Based on Chapter 1 of A Wizard Of Earthsea by Ursula Le Guin, we can conclude that her writing style is very unique. She focuses a lot on literary tools, such as foreshadowing, personification, and parallelism, such as when she wrote “Then his aunt was a little afraid of his strength, for this was as strong a spell as she knew how to weave […]” (5). This is foreshadowing on how Duny grows up to become a very powerful sorcerer. Ursula also uses a lot of long, compound-complex sentences in her writing, which can create some beautiful, imagery filled expanded moments. She is very good at knowing when longer sentences will be especially beneficial, like in the scene where Duny gets his true name. Ursula wrote “as he entered the water, clouds crossed the sun’s face and great shadows slid and mingled over the water of the pool about him.” (16) Lastly, Ursula has a way of advancing the storyline while still allowing it to flow smoothly. There are few parts in the first chapter that feel forced or choppy, even though Duny receives three different names, a war occurs, five years pass, and the story advances drastically. The writing is not insanely difficult to follow, and there is clearly a methodically organized structure to the writing itself. The paragraphs never go too far off topic, and none of them distract you from the plot. Each word was written for a reason, and adds to the overall understanding of the chapter. To sum it all up, Ursula’s writing is unique in the fact that she uses many long sentences but still manages to convey the sense of intensity and intrigue that any good book should. I am looking forward to reading more!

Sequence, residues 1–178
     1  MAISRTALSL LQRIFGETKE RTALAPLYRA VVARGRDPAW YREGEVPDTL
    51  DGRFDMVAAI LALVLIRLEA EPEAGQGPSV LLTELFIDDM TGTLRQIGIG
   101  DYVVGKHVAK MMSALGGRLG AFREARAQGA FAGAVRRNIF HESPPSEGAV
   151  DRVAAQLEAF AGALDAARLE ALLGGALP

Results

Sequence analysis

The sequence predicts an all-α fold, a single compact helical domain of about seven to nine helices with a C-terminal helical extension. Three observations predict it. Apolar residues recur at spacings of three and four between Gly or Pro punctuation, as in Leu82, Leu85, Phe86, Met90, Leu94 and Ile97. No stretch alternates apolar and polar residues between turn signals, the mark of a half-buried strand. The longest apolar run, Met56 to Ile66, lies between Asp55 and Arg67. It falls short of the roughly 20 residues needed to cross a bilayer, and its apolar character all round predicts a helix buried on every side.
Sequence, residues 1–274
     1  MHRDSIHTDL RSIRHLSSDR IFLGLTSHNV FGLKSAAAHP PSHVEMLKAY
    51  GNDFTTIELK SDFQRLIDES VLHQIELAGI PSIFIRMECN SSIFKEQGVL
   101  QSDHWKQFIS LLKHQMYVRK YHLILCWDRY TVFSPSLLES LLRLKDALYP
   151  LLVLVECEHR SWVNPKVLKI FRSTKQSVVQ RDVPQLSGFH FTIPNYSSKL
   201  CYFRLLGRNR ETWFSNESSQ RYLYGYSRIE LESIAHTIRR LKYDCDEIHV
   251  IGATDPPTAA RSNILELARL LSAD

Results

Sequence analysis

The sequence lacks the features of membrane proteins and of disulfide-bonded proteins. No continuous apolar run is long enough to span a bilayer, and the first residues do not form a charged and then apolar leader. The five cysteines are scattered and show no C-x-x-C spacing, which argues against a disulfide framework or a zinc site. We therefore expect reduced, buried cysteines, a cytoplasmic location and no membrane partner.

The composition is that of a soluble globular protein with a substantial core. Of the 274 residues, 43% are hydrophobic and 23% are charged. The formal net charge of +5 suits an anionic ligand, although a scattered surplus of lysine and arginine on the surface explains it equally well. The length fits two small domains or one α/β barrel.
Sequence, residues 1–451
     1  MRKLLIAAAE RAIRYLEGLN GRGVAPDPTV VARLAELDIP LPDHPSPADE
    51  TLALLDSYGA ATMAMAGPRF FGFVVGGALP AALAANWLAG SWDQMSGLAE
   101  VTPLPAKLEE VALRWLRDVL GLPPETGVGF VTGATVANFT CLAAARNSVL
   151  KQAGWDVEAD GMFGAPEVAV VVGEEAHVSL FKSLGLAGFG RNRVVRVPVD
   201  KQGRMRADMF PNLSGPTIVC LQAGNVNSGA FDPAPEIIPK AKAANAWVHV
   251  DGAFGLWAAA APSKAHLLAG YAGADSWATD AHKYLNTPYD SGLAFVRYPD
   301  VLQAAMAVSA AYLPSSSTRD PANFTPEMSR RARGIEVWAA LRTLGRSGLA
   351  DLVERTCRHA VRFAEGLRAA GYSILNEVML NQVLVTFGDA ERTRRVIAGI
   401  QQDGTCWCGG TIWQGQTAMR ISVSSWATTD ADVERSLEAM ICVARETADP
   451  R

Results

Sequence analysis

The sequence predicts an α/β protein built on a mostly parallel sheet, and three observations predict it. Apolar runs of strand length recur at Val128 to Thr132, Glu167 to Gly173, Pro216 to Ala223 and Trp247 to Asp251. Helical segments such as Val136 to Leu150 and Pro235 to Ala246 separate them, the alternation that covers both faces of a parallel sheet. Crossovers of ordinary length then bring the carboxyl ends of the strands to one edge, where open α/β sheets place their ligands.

To get smarter, it is best to try to learn as much as possible as quickly as possible.
I disagree with this statement. If you want to gain knowledge, sure, you could cram your brain full of as much information as it can handle. But I personally believe that the best way to learn information and actually retain it for a long period of time, is by working on it slowly instead of trying to win a race against yourself. Have you ever tried cramming for a big exam the week before? You might think you’ll remember the information better since it’s fresh in your mind, but in reality, you haven’t had enough practice working with the material to fully understand the concept. Who would do better on a test: someone who crammed for forty hours the week before, or someone who studied an hour a day for forty days? It’s the same amount of time spent studying, but the person who spread it out over a longer period of time would end up with the higher score. The reason for this is because the longer you are exposed to something, the better the chance you have of that thing sticking in your long term memory. It’s called long term for a reason! Long term exposure leads to long term memory, short term exposure leads to short term memory. I guess it all comes down to how long you want to retain the information. If you’re learning to get smarter, it is definitely better to slow down and go over the same material over and over and over again.
- Personal connections are crucial to the overall happiness of yourself and everyone around you.
- Living in the moment and not worrying about what you could have done differently will make a positive impact on your success.
- Believing in yourself and committing to becoming the person you know you can be will get you far in life.